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SOCIAL SECURITY TAX INFORMATION FOR FOREIGN SCHOLARS, 
WORKERS, AND EXCHANGE VISITORS

Foreign individuals employed by the University Corporation for Atmospheric Research (UCAR) generally will be subject to U.S. social security tax on their employment income. The U.S. social security tax, which is levied in addition to income tax, is imposed on both the employee and the employer under the Federal Insurance Contributions Act (FICA). Accordingly, the U.S. Social Security tax will be referred to hereinafter as the FICA tax." The following information provides a general summary of the FICA tax, the various relief provisions and the responsibilities of the employee and the employer in respect of the FICA tax.

GENERAL OVERVIEW OF THE FICA TAX

FICA taxes are generally imposed on employees and employers and are determined by the amount of "wages" paid in respect of "employment."

'Wages" for purposes of the FICA tax generally include all remuneration derived from employment, unless specifically excepted. Exceptions include certain moving expenses allowable as a deduction to the employee, certain qualified scholarship amounts, certain sick pay amounts, payments made under any employee benefit plan, as well as other specifically excepted items. In addition, certain travel and living expense reimbursements made to an employee in respect of expenses incurred in the employer's business generally should not be treated as 'wages' for FICA purposes.

Generally speaking, "employment" is defined for purposes of the FICA tax as services performed by an employee for an employer irrespective of the citizenship or residence of either the employee or the employer. There are various types of services excluded from the definition of employment, such as services performed by certain F or J visa holders as discussed below.

GENERAL RELIEF PROVISIONS FROM THE FICA TAX

There are certain provisions which will provide relief from the imposition of the FICA tax. In particular the U.S. Internal Revenue Code (the Code) and underlying regulations provide an exemption from the FICA tax for certain nonimmigrant visa categories. Certain income tax treaties that the U.S. has with other countries may also provide relief from the FICA tax. In addition, the U.S. has social security totalization agreements with a number of countries, under the terms of which relief from the FICA tax may be available. To the extent that FICA tax relief is not available under the Code, or under a tax treaty or totalization agreement with a particular country, the foreign tax credit mechanism may provide some relief from the FICA tax.

1. Relief Provisions Contained in the Code

As previously stated, the U.S. domestic tax law provides an exemption from the FICA tax to certain nonimmigrant visa holders. A broad FICA exemption is available to all F and J visa holders by virtue of the Code's definition of "employment." That is, the Code defines employment to exclude any service which is performed by a nonresident alien individual for the period he/she is temporarily present in the U.S. as a nonimmigrant under subparagraph (F) of (J) of Sl0l(a)(l5) of the Immigration and Nationality Act, and which is performed to carry out the purpose specified under the visa. If an individual qualifies for the Code FICA exemption, UCAR is not subject to the employer's share of the FICA tax with respect to the particular individual.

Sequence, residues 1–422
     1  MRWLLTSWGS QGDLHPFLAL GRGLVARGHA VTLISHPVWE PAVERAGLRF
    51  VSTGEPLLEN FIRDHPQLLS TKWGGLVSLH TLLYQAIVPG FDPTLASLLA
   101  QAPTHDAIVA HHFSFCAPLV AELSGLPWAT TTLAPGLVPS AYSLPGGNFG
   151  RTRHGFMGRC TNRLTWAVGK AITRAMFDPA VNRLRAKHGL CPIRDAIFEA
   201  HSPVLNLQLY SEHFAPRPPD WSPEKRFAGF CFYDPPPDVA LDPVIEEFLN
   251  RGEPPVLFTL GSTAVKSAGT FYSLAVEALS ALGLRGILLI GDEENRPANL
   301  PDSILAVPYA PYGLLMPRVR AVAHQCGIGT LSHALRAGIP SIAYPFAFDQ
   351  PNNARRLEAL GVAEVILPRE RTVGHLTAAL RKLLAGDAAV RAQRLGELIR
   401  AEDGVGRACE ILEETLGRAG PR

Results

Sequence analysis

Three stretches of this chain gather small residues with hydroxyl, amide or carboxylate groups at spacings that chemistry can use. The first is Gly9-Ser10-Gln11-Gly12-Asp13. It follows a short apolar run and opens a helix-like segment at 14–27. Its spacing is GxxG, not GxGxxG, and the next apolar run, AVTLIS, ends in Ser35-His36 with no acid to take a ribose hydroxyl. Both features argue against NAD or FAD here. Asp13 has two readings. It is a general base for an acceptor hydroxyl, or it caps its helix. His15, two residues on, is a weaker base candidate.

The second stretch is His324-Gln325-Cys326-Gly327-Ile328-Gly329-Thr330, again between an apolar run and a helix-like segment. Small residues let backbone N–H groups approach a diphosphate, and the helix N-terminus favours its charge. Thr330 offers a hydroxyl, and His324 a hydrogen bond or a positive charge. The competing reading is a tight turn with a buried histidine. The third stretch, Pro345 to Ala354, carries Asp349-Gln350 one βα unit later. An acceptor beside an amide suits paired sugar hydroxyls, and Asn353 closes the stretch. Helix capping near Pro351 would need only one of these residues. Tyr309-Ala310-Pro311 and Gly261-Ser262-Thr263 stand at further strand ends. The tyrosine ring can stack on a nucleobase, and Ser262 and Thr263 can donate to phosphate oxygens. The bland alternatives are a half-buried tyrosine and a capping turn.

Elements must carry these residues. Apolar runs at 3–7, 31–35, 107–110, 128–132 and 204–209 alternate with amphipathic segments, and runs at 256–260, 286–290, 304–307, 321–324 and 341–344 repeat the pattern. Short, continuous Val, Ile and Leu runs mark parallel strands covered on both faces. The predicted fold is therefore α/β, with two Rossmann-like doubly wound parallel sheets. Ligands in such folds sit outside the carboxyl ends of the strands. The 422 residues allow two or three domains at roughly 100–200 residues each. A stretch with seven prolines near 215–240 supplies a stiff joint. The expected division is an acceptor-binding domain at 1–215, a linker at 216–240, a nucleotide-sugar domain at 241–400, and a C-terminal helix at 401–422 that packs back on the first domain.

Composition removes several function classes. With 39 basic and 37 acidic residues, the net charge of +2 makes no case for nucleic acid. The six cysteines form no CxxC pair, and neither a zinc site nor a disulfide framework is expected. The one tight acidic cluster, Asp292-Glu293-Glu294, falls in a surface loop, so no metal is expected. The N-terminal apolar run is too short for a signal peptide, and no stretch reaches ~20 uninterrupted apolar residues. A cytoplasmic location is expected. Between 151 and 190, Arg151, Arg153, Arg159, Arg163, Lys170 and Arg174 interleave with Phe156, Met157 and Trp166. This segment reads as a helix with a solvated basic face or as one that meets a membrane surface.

It is important to note that several requirements must be met to qualify for the Code FICA exemption. In particular, the individual must be a "nonresident alien" for the period he/she is temporarily in the U.S. Proposed regulations to the Code indicate that an F or J visa holder will not be classified as a nonresident alien for FICA purposes, if the individual is classified as a resident alien for income tax purposes. In addition to being a nonresident alien, the individual must be a "nonimmigrant" under the above noted provisions of the Immigration and Nationality Act (i.e., has not been admitted to the U.S. as a lawful permanent resident). Further, the individual must be performing services, to carry out the purpose specified under the applicable F or J visa, in respect of employment which is permitted by the immigration authorities. Note that even though an individual's remuneration is exempt from the FICA tax under the Code, such remuneration may still be subject to income tax.

Individuals performing services in the U.S. under the terms of visa categories other than F or J will be treated differently for purposes of the FICA tax. For example, there generally are no FICA exemptions in the Code permitted for II visa holders performing services in the U.S., except for certain agricultural workers, certain nurse trainees, or certain employees of a church or a qualified church-controlled organization. Likewise, no FICA exemptions are available to I visa holders performing services in the U.S., whether or not the individual is exempt from income tax (under provisions of the Code) on his/her remuneration for such services.

2. Relief Under Tax Treaty Provisions

There are few U.S. income tax treaties which explicitly provide for an exemption from the FICA tax in very limited circumstances. However, most of the income tax treaties that the U.S. has with other countries implicitly provide for an exemption from the FICA tax. Very generally, if a particular income tax treaty confers an exemption from income tax, an indirect FICA exemption arguably can be inferred. That is, the FICA tax is a tax on income and, accordingly, should be included in the income tax provisions covered by a particular treaty, unless specifically excepted.